Two grown men hugging each other with joy after landing a Brownie of 10 inches, whats going on? How can such a small and athletically challenged fish induce such joy? What is it about Brownies that I and many other fly fishermen love about fishing for Brown trout?
Yesterday morning I took a friend, Dieter Nischk to fish one of my secret streams. It was due to be a stinking hot day so we we on the road at 4:30 am hoping to fish for a few hours in the cool of the day. The day highlighted exactly why I love these fish and why if I could choose to fish for one fish for the rest of my life, then Brown trout it would be. Brown trout are possibly the most athletically challenged fish I have ever caught. The lowly bass might even be a better fighter, but what they make up for in athletic ability they make up for in craftiness and good looks. There can’t be much more beautiful a fish that a heavily speckled Brown Trout.
Dieter and I had a tough day on the river. The stream was low due to the ongoing drought. The fish were nowhere to be seen for the first few hours fishing. Its typical in my experience of Brown trout, for them to do a dissappearing act. Then suddenly when you least expect it, a fish scoots up stream from its lie which was in no more than 4 inches of water on the edge if a pool. They often leave wondering what the hell they were doing there in the first place. Why sit in 4 inches of water when you can sit in 1 meter of water slightly higher up stream? So you carry on upstream promising yourself you will be more careful at the next run. Immediately you spook another fish in an equally ridiculous lie. All you can do is laugh and admire them for them outwitting you once again. This is one of the mysterious aspects of Brown trout that makes them such enjoyable fish to catch. They can make a blank day a thoroughly entertaining one as you walk up stream trying your best to see them before they see you. They do the unexpected and they require you to fish completely differently to how you fish for any other fish. Fishing takes on a completely different and much more exciting form of hunting where one fish of 10 inches can make your day.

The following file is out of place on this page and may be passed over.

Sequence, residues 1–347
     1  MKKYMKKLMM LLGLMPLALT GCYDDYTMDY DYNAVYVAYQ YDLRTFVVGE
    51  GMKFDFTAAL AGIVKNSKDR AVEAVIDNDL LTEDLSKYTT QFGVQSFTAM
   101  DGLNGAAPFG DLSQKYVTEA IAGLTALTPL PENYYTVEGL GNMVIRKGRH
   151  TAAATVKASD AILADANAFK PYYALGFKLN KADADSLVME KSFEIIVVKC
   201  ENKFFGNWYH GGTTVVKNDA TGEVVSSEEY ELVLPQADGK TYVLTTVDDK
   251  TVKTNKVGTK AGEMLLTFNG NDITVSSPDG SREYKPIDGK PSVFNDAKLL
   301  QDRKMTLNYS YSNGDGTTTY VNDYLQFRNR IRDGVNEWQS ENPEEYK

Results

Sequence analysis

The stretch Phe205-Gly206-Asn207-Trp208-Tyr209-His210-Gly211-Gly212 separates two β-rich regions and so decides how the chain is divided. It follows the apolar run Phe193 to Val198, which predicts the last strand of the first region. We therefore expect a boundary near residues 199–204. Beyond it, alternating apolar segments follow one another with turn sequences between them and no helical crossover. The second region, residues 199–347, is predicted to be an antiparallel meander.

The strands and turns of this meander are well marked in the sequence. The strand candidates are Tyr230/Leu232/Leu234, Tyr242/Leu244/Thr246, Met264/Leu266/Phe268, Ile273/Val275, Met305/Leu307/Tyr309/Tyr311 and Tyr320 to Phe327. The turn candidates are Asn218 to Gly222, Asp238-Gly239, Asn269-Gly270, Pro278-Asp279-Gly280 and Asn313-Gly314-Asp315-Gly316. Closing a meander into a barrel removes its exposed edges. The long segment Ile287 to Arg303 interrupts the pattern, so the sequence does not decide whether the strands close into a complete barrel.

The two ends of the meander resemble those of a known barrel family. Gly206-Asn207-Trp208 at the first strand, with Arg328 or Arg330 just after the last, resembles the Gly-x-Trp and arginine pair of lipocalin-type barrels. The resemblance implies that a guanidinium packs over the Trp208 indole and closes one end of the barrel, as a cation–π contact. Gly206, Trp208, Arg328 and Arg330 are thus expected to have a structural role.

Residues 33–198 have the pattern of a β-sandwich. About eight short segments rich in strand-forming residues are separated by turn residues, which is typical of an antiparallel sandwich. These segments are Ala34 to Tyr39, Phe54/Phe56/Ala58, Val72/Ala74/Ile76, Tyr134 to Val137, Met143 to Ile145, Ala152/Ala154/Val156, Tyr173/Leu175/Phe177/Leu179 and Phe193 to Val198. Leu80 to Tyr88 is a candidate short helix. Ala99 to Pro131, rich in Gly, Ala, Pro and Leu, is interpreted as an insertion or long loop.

Dieter and I were lucky enough to sight cast and catch to one small Brownie each. Sighting Dieter’s fish, watching his perfect cast and the fish obliging was definitely more exciting than than my own fish. It’s the sharing of what I consider the ultimate fishing experience with another angler that’s the most special of all.
Bless the Brown trout and their weird and wonderful ways.